Harper Government In Stark Contrast To President Obama on Climate Policy

CCL on carbon fee and div


This exchange took place in the Canadian House of Commons yesterday:

Mr. Bruce Hyer (Thunder Bay—Superior North, GP):
Mr. Speaker, two of Canada’s greatest challenges are rising CO2 and growing poverty. The Conservative government has not addressed either one.
Proposed by the Citizens Climate Lobby, carbon fee and dividend would address both by setting a fee on carbon to curb our petrol addictions and putting that money straight back into the pockets of each and every Canadian.

Will the Minister of Finance please consider carbon fee and dividend?

Mr. Colin Carrie (Parliamentary Secretary to the Minister of the Environment, CPC):
Mr. Speaker, I am happy to say that our approach is working. Thanks to our actions, carbon emissions will go down close to 130 megatonnes from what they would have been under the Liberals.
What does the other parties want? They want a $20-billion carbon tax. Let us look at what this would do to hard-working Canadian families. This would be a tax on electricity, transportation, heating for their homes, clothes, groceries, and the list goes on. Canadians do not want more taxes. They do not want a $20-billion carbon tax.

We are going to continue with our approach.

The Canadian federal government seems intent on maintaining the status quo, and claiming to take action on climate change with sector-by-sector regulation which doesn’t even apply to the oil and gas industry.

As a Canadian and a mother concerned about climate change, I don’t find your regurgitated talking points reassuring, Mr. Carrie.  Canada can do better.

inaction is expensive*

Here’s what President Obama said in an interview with Thomas Friedman on Showtime’s Years Of Living Dangerously segment that aired yesterday:

The way we’ve solved previous pollution problems like acid rain was we said, “we’re gonna charge you if you’re releasing this stuff into the atmosphere. We’re gonna let you figure it out, but we’re gonna to tell you that you can’t keep dumping it out in the atmosphere and making everybody else pay for it.” So if there is one thing I would like to see, it’d be for us to be able to price the cost of carbon emissions.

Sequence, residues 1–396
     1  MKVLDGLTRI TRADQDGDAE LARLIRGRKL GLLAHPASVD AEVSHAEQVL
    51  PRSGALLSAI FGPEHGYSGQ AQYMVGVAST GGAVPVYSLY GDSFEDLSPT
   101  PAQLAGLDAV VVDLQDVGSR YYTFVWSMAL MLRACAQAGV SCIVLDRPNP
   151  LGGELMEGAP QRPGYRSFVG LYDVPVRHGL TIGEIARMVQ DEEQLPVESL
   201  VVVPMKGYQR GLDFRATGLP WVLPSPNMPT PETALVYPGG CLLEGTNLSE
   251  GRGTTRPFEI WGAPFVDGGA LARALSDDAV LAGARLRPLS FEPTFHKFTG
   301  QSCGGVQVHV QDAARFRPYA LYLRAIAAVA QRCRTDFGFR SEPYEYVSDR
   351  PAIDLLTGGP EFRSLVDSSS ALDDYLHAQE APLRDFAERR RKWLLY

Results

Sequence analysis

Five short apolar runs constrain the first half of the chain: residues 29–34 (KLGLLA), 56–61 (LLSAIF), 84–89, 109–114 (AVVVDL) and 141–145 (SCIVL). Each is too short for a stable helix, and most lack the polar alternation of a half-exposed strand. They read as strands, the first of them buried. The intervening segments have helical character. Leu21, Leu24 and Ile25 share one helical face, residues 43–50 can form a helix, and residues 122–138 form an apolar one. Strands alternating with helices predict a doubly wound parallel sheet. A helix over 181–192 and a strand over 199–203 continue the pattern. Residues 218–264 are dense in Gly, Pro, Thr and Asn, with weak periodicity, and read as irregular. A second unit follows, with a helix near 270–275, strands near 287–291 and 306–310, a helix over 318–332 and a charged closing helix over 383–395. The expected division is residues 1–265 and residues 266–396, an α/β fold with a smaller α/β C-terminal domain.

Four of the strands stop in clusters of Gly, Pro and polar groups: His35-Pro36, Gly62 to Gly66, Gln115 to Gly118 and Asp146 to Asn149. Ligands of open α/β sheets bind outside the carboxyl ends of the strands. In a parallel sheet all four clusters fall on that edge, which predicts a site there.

Here’s a clip of part of the interview:



Mr Carrie and his leader might want to pay attention to what the President of the United States of America says about climate change. Stephen Harper and his government have always linked Canada’s policy to that of the U.S. – at least as long as the U.S. wasn’t taking a leadership role. It seems the U.S. is changing its tune but Mr. Harper’s still singing from the old songbook.


image from I Heart Climate Scientists
image from I Heart Climate Scientists



‘Science Is Science’: Obama Embraces Price On Carbon, Leaving Fossil Fuels In The Ground

Canada “more frank” about climate change, Harper says

Hansard transcript from House of Commons, June 9, 2014

4 thoughts on “Harper Government In Stark Contrast To President Obama on Climate Policy”

  1. Harper and Tony Abbott got together and the predictable happened – their lizard brains erupted. Harper, perhaps emboldened by the only man on the planet beside whom he doesn’t look like a complete a$$hole, said that cutting emissions would cost jobs and damage the economy and that won’t happen on the Tories’ watch.


    Cue the self-righteous indignation of Trudeau and Mulcair! What’s that, utter silence? Christine, we live in a genuine, petro-state and the Libs and NDP are just fine with it. Read the line from Joe Oliver. This magnificent country with its vast spaces, bountiful resources and such a well-educated population would be reduced to a giant heap of nothing and ne’er do wells without bitumen trafficking.

    • Sounds like there’s a need for some engaged citizens, MoS. How about you join me and the rest of us CCLers in Ottawa at the end of November? If nothing else, you will get to spend some time with people who speak the same language as you (I think of them as my “tribe”) and who understand the significance of the climate crisis. At best, you will influence the course of history. Win-win.


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